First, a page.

Estate Administration: Fulfilling the last wishes from beyond for those loved ones left behind

“Maybe the gentle will inherit the earth, but they will need tough guys to be an executor”.

An unexpected passing can be shocking and traumatising. Grieving the loss of a precious loved one is not only filled with sorrow, but adds emotional challenges when one has to deal with the finalising of their estate. This is enough to cause anguish due to the complexity that it seems from the outset. The bravest thing one can ever do is to continue to attend to the last wishes of those who have passed on to another life beyond our own.

Finalising the estate of a deceased is a process where the estate is to ensure the winding-up of the businesses of the deceased and ensures that their wishes, if they left a will, is carried out properly. This is usually the last act one can do for the dear departed. Depending on the deceased assets, family wishes, the finalising of the estate can be highly procedural and
intricate and does in some instances require the aid of a specialized individual in the field.

The regulation of the deceased wishes is a process accomplished under the regulation of the Master of the High Court which usually involves:

1. To collect all the deceased’s assets.
2. To collect all debts against the estate and to settle them after their validity has been investigated
3. To divide the balance of the assets among the rightful heirs after all debts against the estate have been paid

At this moment you are feeling overwhelmed at the daunting procedure, but hopefully I can provide a brief guide to assist you in understanding the administration of the deceased estate.

When we die, all our belongings and debts immediately form part of our estate. To ensure that your belongings are distributed according to your wishes, you need to ensure that a written will is drafted. This makes the distribution of the estate simpler and easier in that it will assist in limiting uneasiness and cause conflict between the ones you love.


When a person dies, the deceased death needs to be reported to the Master of the High Court within 14 days after the death by anyone. After the estate is reported, the Master of the High Court will either issue letter of executorship if the value of deceased estate is more than R250 000.00 or issue a letter of authority if the value of deceased estate is less than R250 000.00.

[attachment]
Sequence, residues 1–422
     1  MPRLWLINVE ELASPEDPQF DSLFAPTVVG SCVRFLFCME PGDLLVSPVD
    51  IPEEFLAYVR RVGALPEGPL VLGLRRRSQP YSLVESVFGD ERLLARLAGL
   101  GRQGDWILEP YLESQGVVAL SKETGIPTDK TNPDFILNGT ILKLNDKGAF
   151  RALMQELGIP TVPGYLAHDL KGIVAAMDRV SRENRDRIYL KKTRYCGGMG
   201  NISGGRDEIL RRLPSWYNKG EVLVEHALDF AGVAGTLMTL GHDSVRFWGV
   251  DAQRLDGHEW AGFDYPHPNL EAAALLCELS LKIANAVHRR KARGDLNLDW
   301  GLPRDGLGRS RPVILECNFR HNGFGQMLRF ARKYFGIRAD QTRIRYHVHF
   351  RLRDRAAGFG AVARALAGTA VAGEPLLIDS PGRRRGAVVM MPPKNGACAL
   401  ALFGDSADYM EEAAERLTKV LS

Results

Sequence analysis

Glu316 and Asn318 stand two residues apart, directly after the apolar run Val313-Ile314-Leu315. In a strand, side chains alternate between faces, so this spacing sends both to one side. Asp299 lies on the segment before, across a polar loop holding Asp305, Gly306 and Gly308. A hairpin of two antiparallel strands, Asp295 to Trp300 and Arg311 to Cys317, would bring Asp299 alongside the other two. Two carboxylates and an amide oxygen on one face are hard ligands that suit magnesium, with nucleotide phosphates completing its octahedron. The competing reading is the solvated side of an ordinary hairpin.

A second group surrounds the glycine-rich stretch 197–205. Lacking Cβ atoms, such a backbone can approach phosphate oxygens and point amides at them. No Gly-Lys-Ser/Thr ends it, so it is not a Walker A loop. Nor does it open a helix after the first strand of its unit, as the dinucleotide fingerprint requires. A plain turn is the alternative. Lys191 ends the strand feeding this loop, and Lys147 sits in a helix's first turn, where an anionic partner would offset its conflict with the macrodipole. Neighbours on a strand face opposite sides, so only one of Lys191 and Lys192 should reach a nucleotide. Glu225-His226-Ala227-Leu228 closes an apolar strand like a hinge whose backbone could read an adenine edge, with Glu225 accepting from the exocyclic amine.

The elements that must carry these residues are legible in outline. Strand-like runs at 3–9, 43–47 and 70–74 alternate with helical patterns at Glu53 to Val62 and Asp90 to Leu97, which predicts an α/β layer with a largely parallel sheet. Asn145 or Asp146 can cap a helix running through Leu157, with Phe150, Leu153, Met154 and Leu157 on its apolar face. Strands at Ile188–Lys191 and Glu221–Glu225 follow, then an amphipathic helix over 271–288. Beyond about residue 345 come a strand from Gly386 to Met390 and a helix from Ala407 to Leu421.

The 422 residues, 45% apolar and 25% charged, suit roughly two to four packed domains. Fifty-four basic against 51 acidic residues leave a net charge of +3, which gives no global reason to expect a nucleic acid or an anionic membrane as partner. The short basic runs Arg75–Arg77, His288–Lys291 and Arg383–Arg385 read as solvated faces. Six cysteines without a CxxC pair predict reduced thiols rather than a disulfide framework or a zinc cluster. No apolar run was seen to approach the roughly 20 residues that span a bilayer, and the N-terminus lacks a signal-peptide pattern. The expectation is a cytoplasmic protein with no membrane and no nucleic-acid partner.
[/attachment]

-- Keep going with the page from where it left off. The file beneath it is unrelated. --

To assign an executor in an estate, the Master of the High Court must be authoritatively informed of the death. This done by providing certain required documents to the Master. When the Master receives the required documents, he scrutinises them and confirms the extent of the legitimacy of the will. If the will nominated an executor who is living and the Master is content with the documents, he assigns the nominated executor by distributing a “letter of executorship”.

The executor can only legitimately administer an estate upon receiving of the letters of executorship. It is recommended that during the waiting of the letter of executorship to be issued, the executor attains all obtainable material and documented proof to regulate possessions and debts in the deceased’s estate.

If no will is left by the deceased the main heirs of the deceased must in writing advice and recommend an executor of which must be submitted to the Master for consideration. The Master may discard the selected executor’s submission for certain reasons and refuse to approve the appointment.


The executor requires specific documents of the deceased to assist in speeding up the administration process.

Here are some examples of the types of documents normally required include:

Last signed original will (or particulars of where it can be found); Deceased’s identity document; Death certificate; Marriage certificate; Antenuptial contract (if applicable); Name and date of death of any predeceased spouse (if applicable); Divorce order and deed of settlement (if applicable); Copies of identity documents & Copies of marriage certificates of all heirs; Postal addresses and contact particulars of all heirs; Pension number, name and address of pension fund ; Membership number, name and address of medical fund; Income tax reference number and VAT registration number (if applicable); Title deeds ; Vehicle registration certificates ; Unit trust certificates/notices; Any other investment certificates; Mortgage bonds ; Promissory notes in respect of loans owed to the estate; Credit cards and any other bank cards ; Life insurance policies, or full particulars ; Short-term insurance policies, or full particulars; Deeds of sale in which the deceased had an interest

These are just some documents but the list can be further exhaustive.

Estate Administration procedure

There are various steps that need to be followed when administrating the estate where the assets are over R 250 000.00. It can take about 18 months depending on whether there is disputes amongst the heirs.

1. Notice to Creditors and evaluating the assets and the liabilities